Is the Fed more likely to tighten than traders are anticipating? That’s the suggestion made by a Bloomberg column this evening:
“Words may speak louder than actions for Federal Reserve Chairman Ben S. Bernanke when the time comes to outline plans to raise interest rates and shrink the central bank’s balance sheet.
As the economy rebounds from the worst financial crisis since the Great Depression, the Fed must decide when to cease saying that economic conditions “warrant exceptionally low levels of the federal funds rate for an extended period,” a phrase it introduced in March 2009. It also must determine how to normalize a balance sheet that ballooned to a record $2.34 trillion after the purchase of $1.25 trillion of mortgage-backed securities.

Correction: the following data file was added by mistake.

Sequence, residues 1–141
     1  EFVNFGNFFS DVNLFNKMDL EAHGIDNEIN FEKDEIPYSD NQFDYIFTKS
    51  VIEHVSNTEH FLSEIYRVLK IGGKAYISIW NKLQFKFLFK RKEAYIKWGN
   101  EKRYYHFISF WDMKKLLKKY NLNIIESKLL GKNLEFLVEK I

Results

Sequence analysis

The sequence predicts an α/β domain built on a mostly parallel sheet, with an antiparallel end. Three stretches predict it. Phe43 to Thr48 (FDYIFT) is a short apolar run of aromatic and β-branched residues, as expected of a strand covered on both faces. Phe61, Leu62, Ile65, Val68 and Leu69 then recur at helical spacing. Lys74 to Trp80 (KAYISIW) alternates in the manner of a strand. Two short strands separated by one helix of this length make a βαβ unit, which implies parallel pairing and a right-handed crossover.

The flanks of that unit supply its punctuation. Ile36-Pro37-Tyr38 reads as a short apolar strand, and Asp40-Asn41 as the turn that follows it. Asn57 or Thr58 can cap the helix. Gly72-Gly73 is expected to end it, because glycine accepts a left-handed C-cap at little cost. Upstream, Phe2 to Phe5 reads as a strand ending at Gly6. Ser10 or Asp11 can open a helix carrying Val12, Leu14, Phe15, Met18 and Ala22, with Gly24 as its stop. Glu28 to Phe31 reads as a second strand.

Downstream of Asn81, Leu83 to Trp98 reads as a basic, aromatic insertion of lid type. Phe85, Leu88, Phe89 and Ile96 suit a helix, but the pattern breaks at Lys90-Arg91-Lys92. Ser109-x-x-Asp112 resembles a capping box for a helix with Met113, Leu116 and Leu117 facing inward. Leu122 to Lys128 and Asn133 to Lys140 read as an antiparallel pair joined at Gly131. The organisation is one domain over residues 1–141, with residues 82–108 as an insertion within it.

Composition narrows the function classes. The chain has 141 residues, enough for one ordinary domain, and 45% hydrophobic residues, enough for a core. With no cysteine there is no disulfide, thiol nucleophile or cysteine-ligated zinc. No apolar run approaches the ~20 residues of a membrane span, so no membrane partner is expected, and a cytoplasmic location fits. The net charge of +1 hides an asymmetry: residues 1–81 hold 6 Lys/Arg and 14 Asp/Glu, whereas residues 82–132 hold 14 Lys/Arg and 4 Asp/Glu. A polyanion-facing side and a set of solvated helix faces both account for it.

Altering a pledge to keep short-term borrowing costs low or articulating plans to begin selling the $1.1 trillion in mortgage-backed securities it now holds will amount to a tightening of monetary policy because the announcements will send bond yields higher, raising borrowing costs, said Mitch Stapley, chief fixed-income officer at Fifth Third Asset Management in Grand Rapids, Michigan . . .”
Feel free to discuss. . .
Fed Hinting on Mortgage-Bond Sales Brings Bernanke Tightening
Scott Lanman and Caroline Salas
May 10 Bloomberg, May 10 2010